Signs and Wonders
Associated Press/Photo by Sitthixay Ditthavong

Signs and Wonders 09.12

School strike irony. The Chicago school strike continues today. The ironies in this situation abound. It is hard, for example, not to take a kind of perverse delight in seeing Chicago Mayor Rahm Emanuel, a former Obama administration official, get mugged by reality. He is finding out that being pro-union makes for great political rhetoric, but is impractical as a governing philosophy. Another irony is GOP vice presidential nominee Paul Ryan's statement, on behalf of himself and Mitt Romney, that "We stand with Rahm Emanuel." Emanuel, who has a famously profane mouth, must have uttered a few choice words when he heard that. Also ironic - surreal might be a better word - is the situation itself. Unemployment is high, and the median household income in the United States is about $50,000 per year. But Chicago teachers average more than $70,000 each year. They turned down a 16 percent raise, holding out for 30 percent. One final note: The city's charter schools and private schools have remained open during the strike. In those schools, at least, education goes on.

Diplomatic tragedy. The U.S. ambassador to Libya, Christopher Stevens, was killed Tuesday when Libyan militants stormed the U.S. consulate in Benghazi. Stevens, 52, died as 20 gun-wielding attackers stormed the U.S. consulate, angry about an American-made movie that depicted the prophet Muhammad as a fraud and a womanizer. The attackers fired automatic weapons and rocket-propelled grenades at the consulate. The death came as a shock because tensions in Libya had been easing since last year's revolution there. Adding to the shock was the fact that Stevens was respected and liked by fellow diplomats and journalists. This attack could be another example of how the overthrow of totalitarian regimes in Arab countries, while it could eventually be a good thing, is giving radicals an opportunity to take advantage of the initial chaos. Stevens is the first ambassador to lose his life while on duty since the 1970s. President Obama issued a statement immediately upon hearing the news: "I strongly condemn the outrageous attack on our diplomatic facility in Benghazi. Right now, the American people have the families of those we lost in our thoughts and prayers. They exemplified America's commitment to freedom, justice, and partnership with nations and people around the globe, and stand in stark contrast to those who callously took their lives."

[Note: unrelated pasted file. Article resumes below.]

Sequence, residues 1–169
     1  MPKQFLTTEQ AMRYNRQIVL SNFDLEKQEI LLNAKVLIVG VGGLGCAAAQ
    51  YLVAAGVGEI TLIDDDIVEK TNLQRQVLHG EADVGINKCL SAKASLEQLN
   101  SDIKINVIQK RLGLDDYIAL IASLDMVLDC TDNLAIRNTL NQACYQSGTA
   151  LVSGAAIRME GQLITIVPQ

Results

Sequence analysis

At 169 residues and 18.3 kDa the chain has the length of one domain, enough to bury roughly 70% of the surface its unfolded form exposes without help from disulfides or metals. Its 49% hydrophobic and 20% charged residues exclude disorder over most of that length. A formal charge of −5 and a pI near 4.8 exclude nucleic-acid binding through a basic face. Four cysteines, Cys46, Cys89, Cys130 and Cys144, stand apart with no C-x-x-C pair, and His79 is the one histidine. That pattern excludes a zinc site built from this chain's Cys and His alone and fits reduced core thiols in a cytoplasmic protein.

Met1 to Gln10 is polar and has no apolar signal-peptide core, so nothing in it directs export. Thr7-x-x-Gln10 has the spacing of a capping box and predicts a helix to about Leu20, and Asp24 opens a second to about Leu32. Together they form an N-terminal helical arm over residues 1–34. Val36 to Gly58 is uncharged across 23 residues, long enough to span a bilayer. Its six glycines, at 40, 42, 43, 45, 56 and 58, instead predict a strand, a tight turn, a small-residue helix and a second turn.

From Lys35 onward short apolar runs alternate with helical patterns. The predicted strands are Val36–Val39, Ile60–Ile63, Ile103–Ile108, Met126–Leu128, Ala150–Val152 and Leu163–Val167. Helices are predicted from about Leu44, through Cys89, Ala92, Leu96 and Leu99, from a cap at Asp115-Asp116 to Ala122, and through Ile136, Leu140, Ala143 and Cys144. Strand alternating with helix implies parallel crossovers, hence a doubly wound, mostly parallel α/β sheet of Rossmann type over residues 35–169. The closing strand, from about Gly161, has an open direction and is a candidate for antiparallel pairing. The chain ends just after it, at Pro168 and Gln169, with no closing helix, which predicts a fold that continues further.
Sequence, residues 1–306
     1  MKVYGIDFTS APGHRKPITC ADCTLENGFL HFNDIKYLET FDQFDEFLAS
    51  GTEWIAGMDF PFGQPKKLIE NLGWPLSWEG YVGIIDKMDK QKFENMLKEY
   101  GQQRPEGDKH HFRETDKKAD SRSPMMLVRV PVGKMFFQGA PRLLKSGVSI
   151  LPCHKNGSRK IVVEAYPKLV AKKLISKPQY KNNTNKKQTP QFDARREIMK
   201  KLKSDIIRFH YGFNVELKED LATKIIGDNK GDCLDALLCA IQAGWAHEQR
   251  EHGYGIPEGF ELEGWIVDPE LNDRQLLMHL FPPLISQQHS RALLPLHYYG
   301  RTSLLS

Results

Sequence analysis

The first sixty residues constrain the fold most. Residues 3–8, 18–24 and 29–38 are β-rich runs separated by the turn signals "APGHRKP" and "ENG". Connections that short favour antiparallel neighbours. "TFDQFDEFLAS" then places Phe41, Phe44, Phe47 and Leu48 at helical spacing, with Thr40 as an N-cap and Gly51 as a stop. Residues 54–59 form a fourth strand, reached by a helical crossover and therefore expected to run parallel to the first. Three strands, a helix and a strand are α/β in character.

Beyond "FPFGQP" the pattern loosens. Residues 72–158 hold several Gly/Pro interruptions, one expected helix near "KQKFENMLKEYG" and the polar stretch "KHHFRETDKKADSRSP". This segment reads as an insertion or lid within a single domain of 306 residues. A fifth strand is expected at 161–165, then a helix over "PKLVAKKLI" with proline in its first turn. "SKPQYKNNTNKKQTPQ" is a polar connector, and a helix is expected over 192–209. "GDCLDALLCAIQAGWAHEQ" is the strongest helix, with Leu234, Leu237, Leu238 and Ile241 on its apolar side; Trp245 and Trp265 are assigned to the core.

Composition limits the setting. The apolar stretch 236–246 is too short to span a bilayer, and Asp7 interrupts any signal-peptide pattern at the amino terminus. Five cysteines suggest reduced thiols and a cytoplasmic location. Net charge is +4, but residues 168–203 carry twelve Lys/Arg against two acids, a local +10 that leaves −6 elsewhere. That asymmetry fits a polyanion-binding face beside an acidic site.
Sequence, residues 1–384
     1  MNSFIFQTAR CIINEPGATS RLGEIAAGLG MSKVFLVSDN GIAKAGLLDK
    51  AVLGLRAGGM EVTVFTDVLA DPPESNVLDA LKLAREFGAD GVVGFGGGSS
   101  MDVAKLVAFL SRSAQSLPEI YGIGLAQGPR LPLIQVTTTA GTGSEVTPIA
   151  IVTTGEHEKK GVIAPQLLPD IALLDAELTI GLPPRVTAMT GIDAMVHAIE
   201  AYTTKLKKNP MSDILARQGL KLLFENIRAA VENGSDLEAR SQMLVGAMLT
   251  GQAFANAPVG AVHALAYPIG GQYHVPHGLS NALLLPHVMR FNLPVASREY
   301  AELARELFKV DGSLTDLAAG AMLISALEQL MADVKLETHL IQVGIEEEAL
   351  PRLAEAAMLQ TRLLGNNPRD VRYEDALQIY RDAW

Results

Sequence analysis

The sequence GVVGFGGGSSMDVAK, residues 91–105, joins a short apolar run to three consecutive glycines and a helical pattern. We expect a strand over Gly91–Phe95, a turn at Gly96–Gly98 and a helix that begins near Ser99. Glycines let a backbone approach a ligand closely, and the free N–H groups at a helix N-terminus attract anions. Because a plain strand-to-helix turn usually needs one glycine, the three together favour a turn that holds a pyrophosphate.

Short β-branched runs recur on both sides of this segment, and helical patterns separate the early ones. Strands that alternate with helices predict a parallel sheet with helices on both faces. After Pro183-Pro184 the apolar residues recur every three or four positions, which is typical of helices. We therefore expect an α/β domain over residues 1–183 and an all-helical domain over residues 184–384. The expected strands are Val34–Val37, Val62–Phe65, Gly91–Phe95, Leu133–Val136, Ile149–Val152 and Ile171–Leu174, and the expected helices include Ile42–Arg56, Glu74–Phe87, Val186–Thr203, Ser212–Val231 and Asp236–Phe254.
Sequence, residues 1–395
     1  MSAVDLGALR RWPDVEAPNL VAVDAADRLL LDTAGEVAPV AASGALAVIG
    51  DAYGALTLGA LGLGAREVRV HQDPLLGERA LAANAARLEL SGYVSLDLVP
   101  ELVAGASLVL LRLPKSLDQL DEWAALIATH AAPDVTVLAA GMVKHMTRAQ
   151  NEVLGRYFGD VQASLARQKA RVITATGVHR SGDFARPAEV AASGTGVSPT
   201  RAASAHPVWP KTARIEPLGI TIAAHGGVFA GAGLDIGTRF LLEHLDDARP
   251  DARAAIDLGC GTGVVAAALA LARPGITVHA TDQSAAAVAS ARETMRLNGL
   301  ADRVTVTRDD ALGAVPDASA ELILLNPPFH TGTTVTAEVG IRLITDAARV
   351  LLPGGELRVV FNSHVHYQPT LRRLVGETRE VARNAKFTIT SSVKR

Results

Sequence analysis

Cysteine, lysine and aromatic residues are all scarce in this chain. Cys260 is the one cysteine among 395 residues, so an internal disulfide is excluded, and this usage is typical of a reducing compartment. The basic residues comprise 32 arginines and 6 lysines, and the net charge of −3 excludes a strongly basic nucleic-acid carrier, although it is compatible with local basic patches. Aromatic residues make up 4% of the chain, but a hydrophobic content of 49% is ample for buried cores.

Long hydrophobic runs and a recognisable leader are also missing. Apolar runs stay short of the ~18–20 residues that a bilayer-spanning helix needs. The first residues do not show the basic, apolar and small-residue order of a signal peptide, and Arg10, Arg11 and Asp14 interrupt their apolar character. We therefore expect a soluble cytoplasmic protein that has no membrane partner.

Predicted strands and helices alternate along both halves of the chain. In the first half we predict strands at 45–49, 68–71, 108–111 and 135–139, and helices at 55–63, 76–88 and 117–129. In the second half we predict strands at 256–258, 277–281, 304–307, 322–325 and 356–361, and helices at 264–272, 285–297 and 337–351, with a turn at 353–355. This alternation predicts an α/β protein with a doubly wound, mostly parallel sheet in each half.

Child abuse? Camp Arranu'tiq in Connecticut is the first transgender camp for children in the nation, according to a recent story in The Boston Globe. The 65 campers wear nametags "with the words '(HE)' or '(SHE)' under their names" so others will know how the child wants to be addressed. Programs at the camp include discussions about "coming out," "transitioning," puberty blockers - and bullying. A 29-year-old transgender male named Nick Teich runs the camp. Children as young as 8 come to the camp, which now operates a branch in California. It's hard for me to understand how encouraging an 8-year-old to "come out" as transgender is not child abuse. Even the liberal American Psychiatric Association's Diagnostic and Statistical Manual of Mental Disorders lists transgenderism as a mental disorder. But such, I guess, is the world in which we now live.

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BeBe rebuff. According to Reuters, Israeli Prime Minister Benjamin Netanyahu will be in the United States in a few weeks to speak to the United Nations. While in the country, he asked for a meeting with President Obama. The president, Gary Bauer said, was apparently "too busy golfing or attending fundraisers." According to the Reuters account of the dust-up, "White House spokesman Tommy Vietor denied that Netanyahu had ever made such an overture - let alone that it had been spurned - insisting instead that the two leaders were attending the General Assembly on different days and would not be in New York at the same time." That explanation would be plausible were it not for the fact that relations between Obama and Netanyahu have been strained for years. The Reuters article speculates that the snub will hurt Obama with Jewish and pro-Israel voters.

Warren Cole Smith
Warren Cole Smith

Warren, who lives in Charlotte, N.C., is vice president of WORLD News Group and the host of the radio program Listening In. Follow Warren on Twitter @WarrenColeSmith.

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